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Indian River school raises money for a Kenyan well


PHILADELPHIA — Penny by penny, students at Indian River Intermediate School raised more than $5,000 to build a community well in Kenya through Free the Children’s Drop by Drop program.

When fifth-grade teacher Donna M. Donohue brainstormed gift ideas for her classroom, she wanted to get something that would make more of an impact on her students than erasers and pencils. With $200 to spend, she and her students looked at the website of Free the Children, an organization the district used in the past, to buy a goat and a year’s worth of water for families in other countries who need these “gifts” to live.

When a previous student suggested she use the money to buy a well, Mrs. Donohue was flabbergasted. The students began to get excited about raising money toward the expensive project.

Through the organization, a community well is $5,000. The schoolwide effort to build the well started Jan. 6.

Through bake sales, raffles, book sales and water bottle sales, the school was able to rake in $5,402.77 by Thursday afternoon.

Three teachers signed up for a head-shaving raffle; the teacher who got the most money was to have his or her head or beard shaved June 1. Approximately $700 came from a school sale that charged 50 cents per used book. Even more money was expected to be raised by the end of this week.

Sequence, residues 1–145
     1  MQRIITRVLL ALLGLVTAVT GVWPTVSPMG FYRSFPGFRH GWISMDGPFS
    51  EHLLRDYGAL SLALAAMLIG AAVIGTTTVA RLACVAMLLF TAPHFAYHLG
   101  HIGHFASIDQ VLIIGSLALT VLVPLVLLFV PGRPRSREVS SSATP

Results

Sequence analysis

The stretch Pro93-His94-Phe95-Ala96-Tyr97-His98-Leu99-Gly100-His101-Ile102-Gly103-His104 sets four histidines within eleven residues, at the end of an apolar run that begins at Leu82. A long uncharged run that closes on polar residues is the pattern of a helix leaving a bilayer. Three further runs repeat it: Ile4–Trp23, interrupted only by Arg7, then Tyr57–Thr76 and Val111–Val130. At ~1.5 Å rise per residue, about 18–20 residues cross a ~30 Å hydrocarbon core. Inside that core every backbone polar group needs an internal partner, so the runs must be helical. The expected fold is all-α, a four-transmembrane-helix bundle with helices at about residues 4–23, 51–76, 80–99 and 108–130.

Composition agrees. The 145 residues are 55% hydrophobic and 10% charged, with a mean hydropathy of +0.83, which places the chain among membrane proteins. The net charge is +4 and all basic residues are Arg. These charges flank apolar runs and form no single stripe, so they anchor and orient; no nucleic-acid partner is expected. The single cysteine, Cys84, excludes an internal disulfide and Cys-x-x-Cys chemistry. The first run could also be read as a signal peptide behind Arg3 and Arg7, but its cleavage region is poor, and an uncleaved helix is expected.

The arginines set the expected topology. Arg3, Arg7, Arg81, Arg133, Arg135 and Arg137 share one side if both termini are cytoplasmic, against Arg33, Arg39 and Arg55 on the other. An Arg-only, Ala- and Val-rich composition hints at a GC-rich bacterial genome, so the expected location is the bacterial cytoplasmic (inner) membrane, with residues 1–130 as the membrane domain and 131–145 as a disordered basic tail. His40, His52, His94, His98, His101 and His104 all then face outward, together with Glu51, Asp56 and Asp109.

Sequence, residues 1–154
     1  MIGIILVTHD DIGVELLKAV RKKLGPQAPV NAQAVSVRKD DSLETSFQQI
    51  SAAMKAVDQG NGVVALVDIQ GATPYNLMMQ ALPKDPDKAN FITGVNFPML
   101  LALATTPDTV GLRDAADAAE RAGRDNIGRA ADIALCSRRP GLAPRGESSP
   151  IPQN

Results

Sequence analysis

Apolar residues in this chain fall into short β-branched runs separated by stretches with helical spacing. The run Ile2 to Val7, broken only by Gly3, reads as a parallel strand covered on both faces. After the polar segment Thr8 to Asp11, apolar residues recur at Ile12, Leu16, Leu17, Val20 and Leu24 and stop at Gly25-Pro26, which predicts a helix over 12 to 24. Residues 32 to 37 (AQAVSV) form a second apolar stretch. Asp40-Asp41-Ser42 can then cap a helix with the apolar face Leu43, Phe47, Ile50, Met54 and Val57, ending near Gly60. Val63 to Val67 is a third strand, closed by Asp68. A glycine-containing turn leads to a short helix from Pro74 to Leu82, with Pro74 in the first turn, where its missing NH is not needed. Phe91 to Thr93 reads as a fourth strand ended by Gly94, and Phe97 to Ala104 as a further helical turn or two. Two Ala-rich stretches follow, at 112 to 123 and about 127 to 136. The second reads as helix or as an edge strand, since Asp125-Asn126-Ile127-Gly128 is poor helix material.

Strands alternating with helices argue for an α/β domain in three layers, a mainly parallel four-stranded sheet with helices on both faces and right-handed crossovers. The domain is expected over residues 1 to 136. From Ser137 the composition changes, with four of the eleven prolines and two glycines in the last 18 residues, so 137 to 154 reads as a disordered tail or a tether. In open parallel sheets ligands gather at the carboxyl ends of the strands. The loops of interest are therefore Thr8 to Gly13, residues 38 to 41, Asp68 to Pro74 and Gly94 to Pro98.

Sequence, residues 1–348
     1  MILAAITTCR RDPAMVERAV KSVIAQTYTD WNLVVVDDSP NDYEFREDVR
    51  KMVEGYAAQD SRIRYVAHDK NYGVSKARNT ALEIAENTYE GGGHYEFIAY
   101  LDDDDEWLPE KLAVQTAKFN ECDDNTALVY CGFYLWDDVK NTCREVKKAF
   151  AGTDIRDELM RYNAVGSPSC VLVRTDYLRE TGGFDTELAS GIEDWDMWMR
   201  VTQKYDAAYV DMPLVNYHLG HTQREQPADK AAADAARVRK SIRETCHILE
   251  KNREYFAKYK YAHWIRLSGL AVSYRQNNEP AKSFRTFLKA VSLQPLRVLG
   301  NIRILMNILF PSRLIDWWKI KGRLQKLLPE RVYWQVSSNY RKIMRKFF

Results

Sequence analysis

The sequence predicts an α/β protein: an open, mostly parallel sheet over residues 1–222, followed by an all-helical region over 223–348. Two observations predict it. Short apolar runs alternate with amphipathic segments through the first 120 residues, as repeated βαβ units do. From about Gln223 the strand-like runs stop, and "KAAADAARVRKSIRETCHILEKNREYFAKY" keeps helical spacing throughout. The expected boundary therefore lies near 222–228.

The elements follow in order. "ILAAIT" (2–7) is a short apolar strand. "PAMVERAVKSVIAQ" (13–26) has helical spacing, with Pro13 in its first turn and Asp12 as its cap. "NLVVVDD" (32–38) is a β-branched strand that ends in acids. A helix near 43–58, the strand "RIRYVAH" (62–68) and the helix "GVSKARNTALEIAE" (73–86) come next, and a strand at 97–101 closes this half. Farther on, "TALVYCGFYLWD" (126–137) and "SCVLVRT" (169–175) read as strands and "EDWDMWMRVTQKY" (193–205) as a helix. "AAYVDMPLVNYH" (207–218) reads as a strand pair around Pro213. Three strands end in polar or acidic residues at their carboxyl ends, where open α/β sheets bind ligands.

To celebrate achieving the goal so early, Principal Lana J. Taylor shaved the heads of fifth-grade teacher Kyle C. Clark and Assistant Principal Brian A. Moore during an assembly Thursday.

This fundraiser was more than the children bringing in their nickels and quarters, however. Mrs. Donohue’s class wrote business letters to bottling companies to get water donations for the school.

All the students signed a pledge to graduate from high school. The pledge stemmed from a South Asian child, Iqbal, who was sold into slavery to pay for his brother’s wedding. He escaped and began speaking out about child labor but was killed at only 14 years old.

Free the Children was formed when co-founder Craig Kielburger, 12 at the time, read Iqbal’s story in the Toronto Star in 1995, according to

In addition, seven of Mrs. Donohue’s students went to the Indian River Central School District Board of Education meeting May 17 to show a presentation of how women in Kenya walk two hours each way several times a day to get dirty river water for their homes.

“We’re doing as much as we can to empower the kids,” Mrs. Donohue said.

It’s working. Many of her students want to do more charity work now that their appetites have been whetted.

The class was surprised to learn that only one in six people throughout the world has clean water to drink. That helped to changed their perspective.

“Everything can’t just be handed to you, and you have to work for what you need,” said fifth-grader Savannah Lanier.

Classmate Graciana K. Rodriguez agreed. “We’re lucky to live in America, because not everyone has what we have,” she said.

Several years ago, the district’s primary schools sponsored schools in Africa and China. According to, building new schools would have cost $8,500 each.

Mrs. Donohue said the extra money will go to Free the Children and may go toward another well or goats, trees or health kits.

“I feel that everyone getting involved was just so beautiful,” she said. “I found out that I can’t do everything by myself, but we can make a difference together.”

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